Fed. Sec. L. Rep. P 92,088nancy E. Dimenstien, et al., Plaintiffs-counter Defendant-appellee, v. Arnold D. Whiteman, Defendant,bear, Stearns & Co., Defendant-counter Plaintiff-appellant.rhoda A. Abrams, Plaintiff-counter Defendant-appellee, v. Arnold B. Whiteman, Defendant,bear, Stearns & Company, a Georgia Corporation,defendant-counter Plaintiff- Appellant.jane L. Kaufman, Plaintiff-counter Defendant-appellee, v. Arnold B. Whiteman, Defendant,bear, Stearns & Company, a Georgia Corporation,defendant-counter Plaintiff- Appellant, 759 F.2d 1514 (11th Cir. 1985)Annotate this Case
Paul W. Stivers, Atlanta, Ga., for Bear, Stearns & Co.
Timothy Sweeney, Atlanta, Ga., for Jane L. Kaufman.
Appeals from the United States District Court for the Northern District of Georgia.
Before KRAVITCH and CLARK, Circuit Judges, and PECK* , Senior Circuit Judge.
JOHN W. PECK, Senior Circuit Judge:
These three consolidated actions involve essentially the same underlying issue.1 In each case, Bear, Stearns & Company ("Bear Stearns") appeals from the denial of a motion to stay federal judicial proceedings pending arbitration of pendent arbitrable claims. This court has jurisdiction because the denial of the stay is an interlocutory order refusing an injunction under 28 U.S.C. § 1292(a) (1). Byrd v. Dean Witter, 726 F.2d 552, 553 (9th Cir. 1984), rev'd on other grounds, --- U.S. ----, 105 S. Ct. 1238, 84 L. Ed. 2d 158 (1985).
In each action, Appellees filed a complaint in October 1983, in the United States District Court for the Northern District of Georgia, alleging that they had signed a "trading authorization" giving Bear Stearns complete control of their investment accounts, including the power to trade the accounts on a discretionary basis; that defendant Arnold D. Whiteman, a Bear Stearns employee, concentrated all of their investments in a single, high-risk speculative stock and, as a result, the value of their respective accounts declined considerably. Appellees alleged that Bear Stearns and Whiteman were liable in damages for violations of the Securities Exchange Act of 1934, the Racketeer Influenced and Corrupt Organizations statute ("RICO"), breach of fiduciary duty, fraud, and the Georgia Fair Business Act of 1975. Appellee Morton Dimenstien, as a trustee of a profit sharing plan and pension fund, also filed claims under Sec. 409 of the Employees' Retirement Income Security Act ("ERISA"), 29 U.S.C. § 1109.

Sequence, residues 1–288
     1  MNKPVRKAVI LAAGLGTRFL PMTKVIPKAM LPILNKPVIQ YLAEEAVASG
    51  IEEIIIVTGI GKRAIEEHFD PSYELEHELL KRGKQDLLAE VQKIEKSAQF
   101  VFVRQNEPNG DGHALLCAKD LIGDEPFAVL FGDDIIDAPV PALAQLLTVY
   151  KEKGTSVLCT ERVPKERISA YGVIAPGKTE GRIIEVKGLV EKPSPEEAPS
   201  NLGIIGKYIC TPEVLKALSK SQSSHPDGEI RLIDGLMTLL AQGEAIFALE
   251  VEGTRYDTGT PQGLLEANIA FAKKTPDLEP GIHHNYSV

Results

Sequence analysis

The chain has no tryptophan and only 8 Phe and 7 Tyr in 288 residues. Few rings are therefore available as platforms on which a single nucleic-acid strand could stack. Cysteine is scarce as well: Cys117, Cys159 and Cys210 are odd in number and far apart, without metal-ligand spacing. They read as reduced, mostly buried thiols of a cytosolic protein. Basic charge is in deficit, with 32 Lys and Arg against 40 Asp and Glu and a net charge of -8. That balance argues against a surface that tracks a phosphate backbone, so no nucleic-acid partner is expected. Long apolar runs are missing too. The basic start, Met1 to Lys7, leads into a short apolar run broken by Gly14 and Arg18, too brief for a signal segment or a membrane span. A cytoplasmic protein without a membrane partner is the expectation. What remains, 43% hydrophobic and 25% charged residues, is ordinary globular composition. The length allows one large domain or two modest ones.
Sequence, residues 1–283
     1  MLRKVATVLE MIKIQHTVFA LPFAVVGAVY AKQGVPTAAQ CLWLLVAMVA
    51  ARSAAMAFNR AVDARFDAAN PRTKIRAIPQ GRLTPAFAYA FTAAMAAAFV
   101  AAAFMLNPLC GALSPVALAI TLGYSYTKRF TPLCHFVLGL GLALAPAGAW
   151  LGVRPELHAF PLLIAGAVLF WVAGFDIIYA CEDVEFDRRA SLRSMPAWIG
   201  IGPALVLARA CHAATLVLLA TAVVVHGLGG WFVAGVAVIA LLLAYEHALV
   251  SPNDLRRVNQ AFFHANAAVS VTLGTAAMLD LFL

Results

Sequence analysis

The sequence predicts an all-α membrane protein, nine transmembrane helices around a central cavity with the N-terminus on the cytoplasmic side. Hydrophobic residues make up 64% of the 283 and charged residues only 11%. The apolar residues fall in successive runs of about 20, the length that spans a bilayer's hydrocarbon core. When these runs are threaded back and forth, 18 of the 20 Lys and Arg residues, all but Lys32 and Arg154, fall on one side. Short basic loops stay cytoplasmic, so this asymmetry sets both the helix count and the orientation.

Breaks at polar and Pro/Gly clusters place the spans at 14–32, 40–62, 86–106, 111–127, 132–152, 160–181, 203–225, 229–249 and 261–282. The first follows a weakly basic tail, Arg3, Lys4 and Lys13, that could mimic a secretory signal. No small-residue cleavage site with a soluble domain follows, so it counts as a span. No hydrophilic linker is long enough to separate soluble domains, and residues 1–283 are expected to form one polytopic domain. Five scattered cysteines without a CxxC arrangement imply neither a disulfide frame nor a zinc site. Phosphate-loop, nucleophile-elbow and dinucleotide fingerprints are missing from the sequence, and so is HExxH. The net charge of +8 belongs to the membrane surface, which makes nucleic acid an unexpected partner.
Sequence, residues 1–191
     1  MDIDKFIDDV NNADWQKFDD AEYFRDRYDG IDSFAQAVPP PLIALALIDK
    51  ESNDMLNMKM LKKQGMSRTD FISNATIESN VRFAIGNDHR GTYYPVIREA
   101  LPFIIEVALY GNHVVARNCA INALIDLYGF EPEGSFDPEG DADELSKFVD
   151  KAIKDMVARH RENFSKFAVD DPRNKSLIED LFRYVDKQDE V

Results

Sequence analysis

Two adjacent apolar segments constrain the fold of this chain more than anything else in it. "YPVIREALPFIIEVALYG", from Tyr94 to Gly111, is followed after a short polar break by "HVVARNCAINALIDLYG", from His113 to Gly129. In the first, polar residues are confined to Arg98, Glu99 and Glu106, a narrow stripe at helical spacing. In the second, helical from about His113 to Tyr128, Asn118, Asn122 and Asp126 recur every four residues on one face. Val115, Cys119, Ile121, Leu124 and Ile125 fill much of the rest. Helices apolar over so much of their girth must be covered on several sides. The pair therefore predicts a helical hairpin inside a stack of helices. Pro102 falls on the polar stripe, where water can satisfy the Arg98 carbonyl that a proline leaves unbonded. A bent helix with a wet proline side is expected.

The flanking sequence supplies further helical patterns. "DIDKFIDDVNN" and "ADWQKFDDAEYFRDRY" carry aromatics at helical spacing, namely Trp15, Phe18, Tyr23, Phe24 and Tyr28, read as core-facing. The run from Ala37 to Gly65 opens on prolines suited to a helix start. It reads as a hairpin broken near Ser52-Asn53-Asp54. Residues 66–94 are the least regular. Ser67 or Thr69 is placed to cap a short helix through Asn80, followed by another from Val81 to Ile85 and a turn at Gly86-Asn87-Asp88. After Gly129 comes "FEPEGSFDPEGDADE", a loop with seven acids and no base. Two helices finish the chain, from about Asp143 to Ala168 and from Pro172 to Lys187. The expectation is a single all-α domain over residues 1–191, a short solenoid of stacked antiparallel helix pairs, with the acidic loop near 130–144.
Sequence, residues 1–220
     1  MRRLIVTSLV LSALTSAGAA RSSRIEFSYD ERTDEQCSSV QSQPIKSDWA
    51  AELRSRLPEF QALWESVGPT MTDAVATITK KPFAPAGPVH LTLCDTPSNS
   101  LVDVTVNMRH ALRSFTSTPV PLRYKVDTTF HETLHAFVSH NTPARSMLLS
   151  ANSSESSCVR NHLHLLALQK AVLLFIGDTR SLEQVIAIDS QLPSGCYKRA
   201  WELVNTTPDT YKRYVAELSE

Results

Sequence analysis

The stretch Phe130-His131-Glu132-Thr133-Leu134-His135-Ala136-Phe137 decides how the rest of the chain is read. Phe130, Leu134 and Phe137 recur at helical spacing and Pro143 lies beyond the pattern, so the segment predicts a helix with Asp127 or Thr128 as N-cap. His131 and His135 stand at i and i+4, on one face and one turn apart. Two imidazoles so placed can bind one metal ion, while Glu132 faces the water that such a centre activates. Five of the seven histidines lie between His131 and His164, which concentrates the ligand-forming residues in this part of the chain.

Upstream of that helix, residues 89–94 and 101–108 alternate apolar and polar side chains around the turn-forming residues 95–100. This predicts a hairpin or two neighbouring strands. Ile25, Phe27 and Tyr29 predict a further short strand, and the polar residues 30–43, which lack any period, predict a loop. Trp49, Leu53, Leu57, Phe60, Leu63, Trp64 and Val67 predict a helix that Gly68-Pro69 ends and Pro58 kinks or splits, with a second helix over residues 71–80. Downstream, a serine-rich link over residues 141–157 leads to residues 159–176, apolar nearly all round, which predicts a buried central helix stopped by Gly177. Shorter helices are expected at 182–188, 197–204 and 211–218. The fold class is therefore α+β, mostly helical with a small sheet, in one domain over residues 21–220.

The written agreement with Bear Stearns, entered into by each Appellee, provided for arbitration of any controversy arising out of or relating to the investment account transactions, upon timely election of arbitration. The agreement also provided:
It is understood that this agreement to arbitrate does not constitute a waiver of the right to a judicial forum where such waiver would be void under the securities laws and specifically does not prohibit me from pursuing any claim or claims arising under the federal laws in any court of competent jurisdiction.
Pursuant to the agreement, Bear Stearns filed a timely demand for arbitration of the arbitrable claims. Bear Stearns conceded that the federal Securities Exchange Act claims were not subject to arbitration, but asserted that all other claims were arbitrable.2 In response, Appellees moved to stay arbitration proceedings during the pendency of the federal court action. Bear Stearns then moved to stay the federal proceedings pending arbitration of the arbitrable claims.
At the time of the proceedings before the district court, the Eleventh Circuit followed the "intertwining" doctrine, a judicially created exception to the command of Section 3 of the Federal Arbitration Act, 9 U.S.C. §§ 1-14 ("Act" or "Arbitration Act").3 Under the intertwining approach, "when it is impractical if not impossible to separate out non-arbitrable federal securities law claims from arbitrable contract claims, a court should deny arbitration in order to preserve its exclusive jurisdiction over the federal securities act claims." Sibley v. Tandy Corp., 543 F.2d 540, 541 (5th Cir. 1976), cert. denied, 434 U.S. 824, 98 S. Ct. 71, 54 L. Ed. 2d 82 (1977); accord, Belke v. Merrill Lynch, Pierce, Fenner & Smith, Inc., 693 F.2d 1023, 1025 (11th Cir. 1982). The district court held that the facts of the instant cases required the application of the intertwining doctrine and, accordingly, denied Bear Stearns' motion for a stay of proceedings pending arbitration.